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The central performance from Gyllenhaal is affecting, in many ways. He plays the teen angst so well, seeing him with his therapist in those scenes is often both engaging and also tense in its own right. Donnie comes off as an emotional young man. He represents so many teens in a perfect sense – part of him is dark, the other part calling out to the light. In addition, he feels real. He isn’t a caricature, but instead is a genuine depiction of a teenager, filled with confusing and rage and misguided emotion, and so much more. Gyllenhaal truly burst forth with this role. His performance is what keeps us so rooted in the eccentric story. If it weren’t for him, this film might not come off as memorable as it does.
Some movies I loved at 15 now don’t look so great. Donnie Darko is not one of those. Like cheese (if you’re into it), this is one experience which only gets better with age. Writing this in 2016, I expected maybe some elements might feel pretentious. They don’t, though. I’ve seen this movie so much, but haven’t watched it in about 7 years. So coming back to it, I wasn’t sure if Kelly’s film might have felt so amazingly effective simply because I was younger, I had those rosy eyes of a still 20-something man. Watching this again tonight, I realize it has nothing to do with me. This film is timeless. If I watch it again, in another 20 years, I expect to feel no different about it. Maybe with more decades behind me the themes, the plot, everything may make even more sense to me then.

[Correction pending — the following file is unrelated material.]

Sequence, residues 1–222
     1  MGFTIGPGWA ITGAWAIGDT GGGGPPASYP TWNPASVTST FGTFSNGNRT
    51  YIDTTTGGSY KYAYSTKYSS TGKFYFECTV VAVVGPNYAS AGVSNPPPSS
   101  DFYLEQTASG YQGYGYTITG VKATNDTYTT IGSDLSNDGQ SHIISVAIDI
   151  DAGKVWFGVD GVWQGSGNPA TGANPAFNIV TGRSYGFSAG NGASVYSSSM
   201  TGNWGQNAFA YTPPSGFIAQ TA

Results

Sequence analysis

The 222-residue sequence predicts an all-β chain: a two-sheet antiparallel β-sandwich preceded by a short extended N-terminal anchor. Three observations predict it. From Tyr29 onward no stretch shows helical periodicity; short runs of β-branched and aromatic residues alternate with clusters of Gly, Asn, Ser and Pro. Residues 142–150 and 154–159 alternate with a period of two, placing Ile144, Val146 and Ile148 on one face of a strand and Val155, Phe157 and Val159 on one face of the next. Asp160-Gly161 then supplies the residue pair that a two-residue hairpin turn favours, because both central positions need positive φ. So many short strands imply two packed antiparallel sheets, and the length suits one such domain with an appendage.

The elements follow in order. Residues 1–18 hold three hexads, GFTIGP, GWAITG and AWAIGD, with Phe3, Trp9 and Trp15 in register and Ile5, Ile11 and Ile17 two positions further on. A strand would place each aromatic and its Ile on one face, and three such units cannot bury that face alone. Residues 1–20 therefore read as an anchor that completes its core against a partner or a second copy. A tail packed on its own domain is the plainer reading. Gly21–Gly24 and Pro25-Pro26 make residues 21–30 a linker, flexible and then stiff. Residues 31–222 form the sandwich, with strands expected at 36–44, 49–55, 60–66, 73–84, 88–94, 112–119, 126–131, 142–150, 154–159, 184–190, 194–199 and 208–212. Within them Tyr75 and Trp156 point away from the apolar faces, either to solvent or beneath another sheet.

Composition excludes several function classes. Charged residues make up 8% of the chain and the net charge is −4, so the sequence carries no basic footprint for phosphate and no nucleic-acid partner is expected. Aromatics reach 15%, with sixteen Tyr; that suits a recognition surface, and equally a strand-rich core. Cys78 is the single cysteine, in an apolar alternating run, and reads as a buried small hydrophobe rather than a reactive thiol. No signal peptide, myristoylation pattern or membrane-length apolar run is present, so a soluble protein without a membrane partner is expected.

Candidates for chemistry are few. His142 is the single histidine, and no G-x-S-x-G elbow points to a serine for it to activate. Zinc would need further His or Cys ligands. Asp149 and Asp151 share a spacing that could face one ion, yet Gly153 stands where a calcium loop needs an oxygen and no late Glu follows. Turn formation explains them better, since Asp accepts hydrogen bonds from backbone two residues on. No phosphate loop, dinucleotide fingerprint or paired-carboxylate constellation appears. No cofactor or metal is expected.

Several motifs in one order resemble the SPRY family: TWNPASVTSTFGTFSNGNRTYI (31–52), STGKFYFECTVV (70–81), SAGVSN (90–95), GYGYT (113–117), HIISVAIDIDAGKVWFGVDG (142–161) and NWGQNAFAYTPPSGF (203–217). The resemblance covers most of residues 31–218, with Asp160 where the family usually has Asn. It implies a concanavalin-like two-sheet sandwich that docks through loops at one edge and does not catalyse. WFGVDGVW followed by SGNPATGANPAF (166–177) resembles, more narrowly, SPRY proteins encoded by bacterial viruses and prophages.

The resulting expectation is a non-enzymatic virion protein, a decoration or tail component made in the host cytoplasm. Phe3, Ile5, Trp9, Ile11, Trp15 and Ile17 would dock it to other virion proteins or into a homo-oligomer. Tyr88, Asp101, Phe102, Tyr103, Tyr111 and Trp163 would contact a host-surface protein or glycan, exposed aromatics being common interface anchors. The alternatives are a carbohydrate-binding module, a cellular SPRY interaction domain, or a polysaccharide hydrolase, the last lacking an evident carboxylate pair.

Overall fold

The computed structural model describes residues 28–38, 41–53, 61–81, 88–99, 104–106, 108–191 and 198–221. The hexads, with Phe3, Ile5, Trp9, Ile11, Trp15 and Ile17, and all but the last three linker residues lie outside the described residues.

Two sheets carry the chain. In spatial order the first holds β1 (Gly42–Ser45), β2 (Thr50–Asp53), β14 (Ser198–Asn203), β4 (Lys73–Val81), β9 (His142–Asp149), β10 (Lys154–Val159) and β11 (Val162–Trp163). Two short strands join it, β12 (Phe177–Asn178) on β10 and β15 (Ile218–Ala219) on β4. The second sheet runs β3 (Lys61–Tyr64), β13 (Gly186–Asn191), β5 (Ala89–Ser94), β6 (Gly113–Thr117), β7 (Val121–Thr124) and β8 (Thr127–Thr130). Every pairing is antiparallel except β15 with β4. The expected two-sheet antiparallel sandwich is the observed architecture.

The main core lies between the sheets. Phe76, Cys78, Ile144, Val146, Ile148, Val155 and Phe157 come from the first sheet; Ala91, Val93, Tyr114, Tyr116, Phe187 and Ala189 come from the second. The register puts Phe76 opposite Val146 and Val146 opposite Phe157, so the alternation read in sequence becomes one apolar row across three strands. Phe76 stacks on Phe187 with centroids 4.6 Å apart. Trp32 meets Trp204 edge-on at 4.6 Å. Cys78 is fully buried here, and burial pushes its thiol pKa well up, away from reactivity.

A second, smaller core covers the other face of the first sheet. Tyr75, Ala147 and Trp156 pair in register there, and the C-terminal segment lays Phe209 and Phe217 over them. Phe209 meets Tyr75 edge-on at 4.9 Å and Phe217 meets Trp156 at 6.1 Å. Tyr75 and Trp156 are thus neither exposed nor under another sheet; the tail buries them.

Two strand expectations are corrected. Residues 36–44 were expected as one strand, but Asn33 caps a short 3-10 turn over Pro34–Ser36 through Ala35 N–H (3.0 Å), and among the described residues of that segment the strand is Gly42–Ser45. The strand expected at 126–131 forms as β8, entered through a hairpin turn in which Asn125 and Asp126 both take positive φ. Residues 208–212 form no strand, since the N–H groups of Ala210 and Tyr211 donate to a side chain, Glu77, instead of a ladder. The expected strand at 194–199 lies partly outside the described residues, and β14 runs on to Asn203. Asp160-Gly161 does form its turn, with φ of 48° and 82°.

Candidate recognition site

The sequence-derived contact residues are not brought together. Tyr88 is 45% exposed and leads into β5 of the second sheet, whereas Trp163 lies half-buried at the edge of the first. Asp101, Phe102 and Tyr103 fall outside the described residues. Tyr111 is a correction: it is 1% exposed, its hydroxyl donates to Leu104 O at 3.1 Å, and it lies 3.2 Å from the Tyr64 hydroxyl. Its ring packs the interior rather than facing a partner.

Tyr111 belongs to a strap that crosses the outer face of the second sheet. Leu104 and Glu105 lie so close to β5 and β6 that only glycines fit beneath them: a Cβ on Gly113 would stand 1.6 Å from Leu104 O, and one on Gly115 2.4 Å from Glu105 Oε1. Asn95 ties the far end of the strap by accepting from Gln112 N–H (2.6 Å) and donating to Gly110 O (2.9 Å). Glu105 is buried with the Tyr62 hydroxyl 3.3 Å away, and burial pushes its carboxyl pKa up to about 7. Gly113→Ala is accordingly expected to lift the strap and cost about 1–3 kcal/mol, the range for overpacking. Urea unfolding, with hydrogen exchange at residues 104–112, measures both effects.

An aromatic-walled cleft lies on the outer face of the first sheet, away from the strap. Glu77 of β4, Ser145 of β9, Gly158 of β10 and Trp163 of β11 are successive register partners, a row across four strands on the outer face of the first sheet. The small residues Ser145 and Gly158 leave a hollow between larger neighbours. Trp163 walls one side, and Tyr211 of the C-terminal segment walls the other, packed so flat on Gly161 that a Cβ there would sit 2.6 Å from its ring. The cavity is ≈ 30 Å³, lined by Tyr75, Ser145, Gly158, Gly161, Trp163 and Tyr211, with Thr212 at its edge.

Nevertheless, right now I can’t stop loving it. Donnie Darko is a hugely interesting piece of work, Richard Kelly still doesn’t get enough credit and his later projects were only more misunderstood than this one. Just don’t discount this one as muddled, as a completely teen movie, or anything like that. This has so much worth inside. Let it wash over you. Some films, as this one is, are an experience rather than merely a bunch of moving images telling a story.

Ridley Scott and His Flawed Yet Underrated Hannibal

Hannibal. 2001. Directed by Ridley Scott. Screenplay by David Mamet & Steven Zaillian; based on the novel of the same name by Thomas Harris.